‘Birth and death’ can also mean our physical lives. Human beings are like snowflakes. There are and have been innumerable ones; and yet, everyone of them has been unique and non-repeatable. This is the reality of our lives. So, the important question arises, ‘How do I want to live this unique, non-repeatable life? Do I want to live just being jerked around, bouncing from one circumstance to the next? How we respond to these questions is the great matter.

At a more subtle level, ‘Birth and death’ also, I think, refers to the insight of Buddhist wisdom – which is discerning phenomena as they are. The Buddha gives this definition of wisdom:

And what, monks, is the faculty of wisdom? Here, monks, the noble disciple is wise; he possesses wisdom directed to arising and passing away, which is noble and penetrative, leading to the complete destruction of suffering. This is called the faculty of wisdom. (Samyutta Nikaya, 48:9)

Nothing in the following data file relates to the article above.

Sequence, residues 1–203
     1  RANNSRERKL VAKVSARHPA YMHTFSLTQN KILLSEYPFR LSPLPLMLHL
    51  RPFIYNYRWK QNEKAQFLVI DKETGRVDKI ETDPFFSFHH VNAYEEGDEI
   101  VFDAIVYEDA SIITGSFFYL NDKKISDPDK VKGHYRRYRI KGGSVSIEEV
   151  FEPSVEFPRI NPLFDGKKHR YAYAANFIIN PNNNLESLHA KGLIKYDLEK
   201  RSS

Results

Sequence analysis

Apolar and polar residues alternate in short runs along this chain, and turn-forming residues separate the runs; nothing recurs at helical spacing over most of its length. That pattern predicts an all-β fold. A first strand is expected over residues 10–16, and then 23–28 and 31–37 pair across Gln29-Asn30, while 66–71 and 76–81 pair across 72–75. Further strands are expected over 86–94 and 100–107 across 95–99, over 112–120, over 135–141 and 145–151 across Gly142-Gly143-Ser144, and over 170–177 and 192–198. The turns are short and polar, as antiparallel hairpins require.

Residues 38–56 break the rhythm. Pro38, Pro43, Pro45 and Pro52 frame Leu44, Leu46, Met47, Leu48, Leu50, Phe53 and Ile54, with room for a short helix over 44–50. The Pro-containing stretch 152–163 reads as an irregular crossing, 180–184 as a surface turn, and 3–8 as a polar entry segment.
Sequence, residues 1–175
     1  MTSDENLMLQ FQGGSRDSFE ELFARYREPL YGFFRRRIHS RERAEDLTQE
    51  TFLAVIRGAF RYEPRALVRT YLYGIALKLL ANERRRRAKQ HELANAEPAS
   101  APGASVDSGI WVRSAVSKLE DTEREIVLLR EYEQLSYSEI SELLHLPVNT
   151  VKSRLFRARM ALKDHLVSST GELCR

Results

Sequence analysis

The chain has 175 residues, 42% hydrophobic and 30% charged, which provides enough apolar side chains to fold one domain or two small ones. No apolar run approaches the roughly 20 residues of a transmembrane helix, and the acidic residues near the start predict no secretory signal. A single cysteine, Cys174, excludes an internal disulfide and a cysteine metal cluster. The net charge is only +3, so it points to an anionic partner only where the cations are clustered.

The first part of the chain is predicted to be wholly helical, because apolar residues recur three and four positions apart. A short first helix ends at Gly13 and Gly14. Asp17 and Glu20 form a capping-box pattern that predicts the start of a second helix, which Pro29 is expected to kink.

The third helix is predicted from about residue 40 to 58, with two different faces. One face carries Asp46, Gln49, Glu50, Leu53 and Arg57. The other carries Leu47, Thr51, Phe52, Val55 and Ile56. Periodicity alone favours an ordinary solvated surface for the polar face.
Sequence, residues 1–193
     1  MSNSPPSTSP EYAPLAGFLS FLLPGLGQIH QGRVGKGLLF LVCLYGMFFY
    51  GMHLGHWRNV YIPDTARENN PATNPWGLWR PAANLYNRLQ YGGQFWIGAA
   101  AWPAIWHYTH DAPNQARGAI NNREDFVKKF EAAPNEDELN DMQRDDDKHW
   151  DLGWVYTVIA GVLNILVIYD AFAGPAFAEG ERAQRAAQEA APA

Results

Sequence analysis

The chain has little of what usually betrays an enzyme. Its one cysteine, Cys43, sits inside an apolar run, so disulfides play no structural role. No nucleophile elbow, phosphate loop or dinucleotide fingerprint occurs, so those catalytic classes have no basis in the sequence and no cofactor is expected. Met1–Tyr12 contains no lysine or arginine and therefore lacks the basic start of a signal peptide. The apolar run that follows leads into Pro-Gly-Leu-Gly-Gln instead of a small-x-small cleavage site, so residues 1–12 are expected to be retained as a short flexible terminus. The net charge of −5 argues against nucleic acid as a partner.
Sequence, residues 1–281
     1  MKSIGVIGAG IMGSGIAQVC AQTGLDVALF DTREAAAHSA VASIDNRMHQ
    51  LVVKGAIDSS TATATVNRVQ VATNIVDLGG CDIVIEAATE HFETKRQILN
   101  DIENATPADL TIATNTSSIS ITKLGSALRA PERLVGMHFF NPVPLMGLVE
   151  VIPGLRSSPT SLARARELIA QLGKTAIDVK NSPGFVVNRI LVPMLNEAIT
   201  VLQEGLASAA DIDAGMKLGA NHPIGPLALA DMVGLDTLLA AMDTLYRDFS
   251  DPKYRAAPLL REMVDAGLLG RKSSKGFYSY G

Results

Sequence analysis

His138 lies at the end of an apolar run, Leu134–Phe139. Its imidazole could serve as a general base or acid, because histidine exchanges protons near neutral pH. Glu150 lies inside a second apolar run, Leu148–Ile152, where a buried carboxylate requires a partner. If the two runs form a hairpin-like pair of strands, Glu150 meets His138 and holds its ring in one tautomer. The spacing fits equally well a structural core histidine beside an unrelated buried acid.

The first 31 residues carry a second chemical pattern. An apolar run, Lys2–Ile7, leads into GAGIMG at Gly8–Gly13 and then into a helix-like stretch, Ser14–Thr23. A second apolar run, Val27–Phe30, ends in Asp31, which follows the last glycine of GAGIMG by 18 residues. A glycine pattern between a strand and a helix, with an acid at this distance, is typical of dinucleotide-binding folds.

The ‘arising and passing away’ refers to the arising, or birth, and passing away, or death, of dharmas, or moments of our experience. This is the reason why we practice zazen. To see reality as it is – the rising and falling of our experience – it’s impermanence and lack of self. So, the han is directing us to get to the cushion and to the direct experience of this Buddhist wisdom.